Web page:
Ashley Judd: “Hatred of Women” Spurred Puffy-Faced Criticism

Speculation about her face speaks to deeply ingrained cultural misogyny, the actress says

Ashley Judd hit back at her detractors again in an exclusive interview with "NBC Nightly News" Wednesday night, two days after she decried criticism of her looks in a high-minded feminist essay.

"There was an incredibly nasty, vitriolic and gloating tone about it," she said of what had been said.

The star of ABC's new show "Missing" had faced withering criticism for looking Ashleypuffy-faced — and, according to critics, Botoxed or operated-on — at public appearances last month. Judd later said it may have been because she was on a few rounds of steroids for an illness.

And in her column published Monday for The Daily Beast, the actress said the scrutiny seemed troublingly antifeminist and rooted in the notion that women's bodies are part of the public domain — a belief she elaborates on in her "Nightly News" interview.

“I think it’s hatred of women that invites the criticism. I think it’s the objectification of girls and women and this hypersexualization of our society that invites the criticism. It doesn’t have anything to do with me, really, and how I look,” Judd told "Nightly News."

She said the discourse on her looks and the speculation that she had undergone surgery — although no journalist ever called her simply to ask if she had, she said — left her in a "double bind": Whether she looked good or ugly, people would attribute it to surgery.

"There was no presumption of goodwill," she told NBC.

After attracting all the criticism for her puffy face, Judd — who holds a Master's degree in public administration from Harvard and is actively involved with several women's advocacy organizations — penned an essay arguing the sniping, which she said was "pointedly nasty, gendered, and misogynistic," was symptomatic of patriarchal patterns.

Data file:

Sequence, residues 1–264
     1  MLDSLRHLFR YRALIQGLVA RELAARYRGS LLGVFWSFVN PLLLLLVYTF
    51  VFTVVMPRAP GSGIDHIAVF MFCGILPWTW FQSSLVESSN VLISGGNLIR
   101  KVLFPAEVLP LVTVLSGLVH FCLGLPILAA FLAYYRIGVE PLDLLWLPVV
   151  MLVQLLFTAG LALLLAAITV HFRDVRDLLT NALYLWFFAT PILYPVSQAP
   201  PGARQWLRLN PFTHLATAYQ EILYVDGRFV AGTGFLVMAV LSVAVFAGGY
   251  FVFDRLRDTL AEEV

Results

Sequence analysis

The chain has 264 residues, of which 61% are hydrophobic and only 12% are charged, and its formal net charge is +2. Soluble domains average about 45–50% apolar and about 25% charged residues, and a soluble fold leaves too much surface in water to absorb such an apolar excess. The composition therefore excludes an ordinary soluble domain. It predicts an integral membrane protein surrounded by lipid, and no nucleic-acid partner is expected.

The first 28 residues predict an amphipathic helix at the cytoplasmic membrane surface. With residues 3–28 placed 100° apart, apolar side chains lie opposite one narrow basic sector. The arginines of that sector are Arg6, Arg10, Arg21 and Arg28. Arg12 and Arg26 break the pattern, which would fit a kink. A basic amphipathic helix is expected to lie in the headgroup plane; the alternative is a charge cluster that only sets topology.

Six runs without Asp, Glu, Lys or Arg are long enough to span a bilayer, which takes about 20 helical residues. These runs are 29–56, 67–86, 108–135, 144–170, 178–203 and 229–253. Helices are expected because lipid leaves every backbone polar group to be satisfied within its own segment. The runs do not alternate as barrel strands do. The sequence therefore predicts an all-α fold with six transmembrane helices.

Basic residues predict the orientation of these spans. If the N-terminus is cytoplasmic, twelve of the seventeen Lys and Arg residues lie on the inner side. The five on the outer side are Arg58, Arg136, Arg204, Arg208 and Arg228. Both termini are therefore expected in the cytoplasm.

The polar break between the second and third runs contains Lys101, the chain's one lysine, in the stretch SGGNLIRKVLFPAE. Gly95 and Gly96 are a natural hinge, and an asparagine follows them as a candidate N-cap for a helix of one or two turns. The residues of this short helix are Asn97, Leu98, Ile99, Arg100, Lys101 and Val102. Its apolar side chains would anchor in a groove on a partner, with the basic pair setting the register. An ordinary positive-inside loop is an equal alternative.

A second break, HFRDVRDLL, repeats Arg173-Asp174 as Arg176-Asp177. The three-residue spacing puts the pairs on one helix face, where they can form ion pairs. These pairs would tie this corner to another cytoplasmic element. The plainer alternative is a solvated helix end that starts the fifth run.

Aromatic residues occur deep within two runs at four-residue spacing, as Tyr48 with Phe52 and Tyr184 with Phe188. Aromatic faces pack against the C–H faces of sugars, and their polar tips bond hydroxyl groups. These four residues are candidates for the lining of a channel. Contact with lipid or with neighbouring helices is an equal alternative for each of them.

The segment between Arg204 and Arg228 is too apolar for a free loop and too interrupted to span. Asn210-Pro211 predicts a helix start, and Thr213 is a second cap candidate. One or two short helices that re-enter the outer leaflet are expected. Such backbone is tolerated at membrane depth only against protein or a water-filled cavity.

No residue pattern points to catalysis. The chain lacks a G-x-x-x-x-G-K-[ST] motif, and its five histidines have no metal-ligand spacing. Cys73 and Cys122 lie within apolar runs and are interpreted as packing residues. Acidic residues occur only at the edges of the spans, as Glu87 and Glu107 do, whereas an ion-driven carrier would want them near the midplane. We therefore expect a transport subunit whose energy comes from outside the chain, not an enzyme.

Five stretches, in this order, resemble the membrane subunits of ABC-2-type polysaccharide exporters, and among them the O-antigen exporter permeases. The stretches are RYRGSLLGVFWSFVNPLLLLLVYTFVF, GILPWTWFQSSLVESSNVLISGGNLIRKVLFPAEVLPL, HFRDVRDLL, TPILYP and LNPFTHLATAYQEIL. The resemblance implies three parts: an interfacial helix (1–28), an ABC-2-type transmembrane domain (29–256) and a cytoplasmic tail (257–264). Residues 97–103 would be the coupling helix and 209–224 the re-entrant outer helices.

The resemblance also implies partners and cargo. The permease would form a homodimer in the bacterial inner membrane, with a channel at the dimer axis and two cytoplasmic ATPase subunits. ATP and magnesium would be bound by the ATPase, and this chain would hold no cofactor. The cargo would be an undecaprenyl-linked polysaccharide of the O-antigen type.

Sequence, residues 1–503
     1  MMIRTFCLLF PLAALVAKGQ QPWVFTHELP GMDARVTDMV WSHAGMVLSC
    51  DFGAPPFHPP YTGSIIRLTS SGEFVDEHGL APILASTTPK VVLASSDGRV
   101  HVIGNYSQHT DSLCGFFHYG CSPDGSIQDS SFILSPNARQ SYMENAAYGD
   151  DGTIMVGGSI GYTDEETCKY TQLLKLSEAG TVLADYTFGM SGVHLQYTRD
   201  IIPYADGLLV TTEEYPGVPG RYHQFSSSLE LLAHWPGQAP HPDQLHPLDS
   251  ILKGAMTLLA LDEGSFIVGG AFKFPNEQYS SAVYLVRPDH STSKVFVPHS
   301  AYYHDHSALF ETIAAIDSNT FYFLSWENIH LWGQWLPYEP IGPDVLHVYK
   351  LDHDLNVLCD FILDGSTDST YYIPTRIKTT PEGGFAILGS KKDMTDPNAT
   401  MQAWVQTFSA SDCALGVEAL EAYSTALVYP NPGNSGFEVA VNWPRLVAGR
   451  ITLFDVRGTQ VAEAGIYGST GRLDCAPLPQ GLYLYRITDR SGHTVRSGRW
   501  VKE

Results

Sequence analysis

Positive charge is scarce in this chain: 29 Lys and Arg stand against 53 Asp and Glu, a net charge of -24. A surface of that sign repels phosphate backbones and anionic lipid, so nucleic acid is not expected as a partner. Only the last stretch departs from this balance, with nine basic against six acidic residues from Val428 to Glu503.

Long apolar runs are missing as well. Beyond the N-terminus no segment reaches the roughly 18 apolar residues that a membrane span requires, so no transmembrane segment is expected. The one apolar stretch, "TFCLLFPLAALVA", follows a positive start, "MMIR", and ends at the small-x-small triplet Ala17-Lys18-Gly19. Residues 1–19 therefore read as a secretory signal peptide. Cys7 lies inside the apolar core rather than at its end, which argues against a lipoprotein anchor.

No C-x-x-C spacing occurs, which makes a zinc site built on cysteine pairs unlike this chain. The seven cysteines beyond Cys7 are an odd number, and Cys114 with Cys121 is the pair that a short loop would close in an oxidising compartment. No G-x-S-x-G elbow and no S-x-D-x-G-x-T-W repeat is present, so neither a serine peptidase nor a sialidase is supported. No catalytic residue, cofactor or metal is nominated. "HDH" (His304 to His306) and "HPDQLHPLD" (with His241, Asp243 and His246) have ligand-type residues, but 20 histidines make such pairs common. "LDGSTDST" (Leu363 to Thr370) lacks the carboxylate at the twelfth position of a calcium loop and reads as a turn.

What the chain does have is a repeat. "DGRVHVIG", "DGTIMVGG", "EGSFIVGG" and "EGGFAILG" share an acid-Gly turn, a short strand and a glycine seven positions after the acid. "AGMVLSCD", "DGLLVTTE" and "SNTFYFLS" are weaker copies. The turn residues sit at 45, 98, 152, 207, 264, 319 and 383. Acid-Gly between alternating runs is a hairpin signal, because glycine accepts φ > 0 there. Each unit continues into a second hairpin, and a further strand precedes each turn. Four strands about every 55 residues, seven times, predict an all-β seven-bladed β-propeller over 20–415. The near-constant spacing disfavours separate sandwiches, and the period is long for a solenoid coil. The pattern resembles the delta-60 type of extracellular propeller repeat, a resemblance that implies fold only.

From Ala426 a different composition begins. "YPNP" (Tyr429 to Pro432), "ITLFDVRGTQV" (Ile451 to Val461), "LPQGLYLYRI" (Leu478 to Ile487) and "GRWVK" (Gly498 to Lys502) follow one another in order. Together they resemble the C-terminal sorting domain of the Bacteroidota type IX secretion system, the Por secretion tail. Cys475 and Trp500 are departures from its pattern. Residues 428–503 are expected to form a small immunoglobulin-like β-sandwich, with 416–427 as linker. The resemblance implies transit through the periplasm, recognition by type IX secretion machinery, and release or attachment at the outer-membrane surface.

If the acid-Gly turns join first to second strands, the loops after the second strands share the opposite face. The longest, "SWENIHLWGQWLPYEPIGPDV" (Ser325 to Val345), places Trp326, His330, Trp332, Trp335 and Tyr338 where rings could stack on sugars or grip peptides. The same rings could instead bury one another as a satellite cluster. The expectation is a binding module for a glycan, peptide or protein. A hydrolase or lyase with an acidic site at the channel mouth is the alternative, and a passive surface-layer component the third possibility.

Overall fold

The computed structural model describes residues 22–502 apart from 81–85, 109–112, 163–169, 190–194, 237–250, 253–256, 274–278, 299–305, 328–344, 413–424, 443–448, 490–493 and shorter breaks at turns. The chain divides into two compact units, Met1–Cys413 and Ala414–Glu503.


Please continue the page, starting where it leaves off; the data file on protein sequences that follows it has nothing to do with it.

"The assault on our body image, the hypersexualization of girls and women and subsequent degradation of our sexuality as we walk through the decades, and the general incessant objectification is what this conversation allegedly about my face is really about," she wrote.

The piece bemoaning how normalized that objectification had become faced its own fair share of criticism — and praise.

While one writer for the Los Angeles Times called the story "elegant, impassioned and meticulously crafted," another writer for the same paper wrote that Judd as an actress seemed not to "understand how the game she signed up for, and has prospered from, is played" and said such objectification was hardly cause for feminist outrage. The Washington Post published a similar opinion piece.

For Judd, such reactions might seem to prove her point that objectification is all too normalized — and she told NBC she wasn't buying the claim that as an actress she should expect such criticism.

"I don’t think that being a public figure makes it legitimate to criticize people the way they are currently criticized in this cultural climate," she said in her interview.

And her article was embraced by plenty of other women — among them Miley Cyrus.

"This article was music to my ears. Beautifully said and beyond inspiring. I hope everyone woman reads this," the pop star, who has faced her own share of snipes about her looks, tweeted.

See the clip below, and watch the full interview tonight on "Nightly News."

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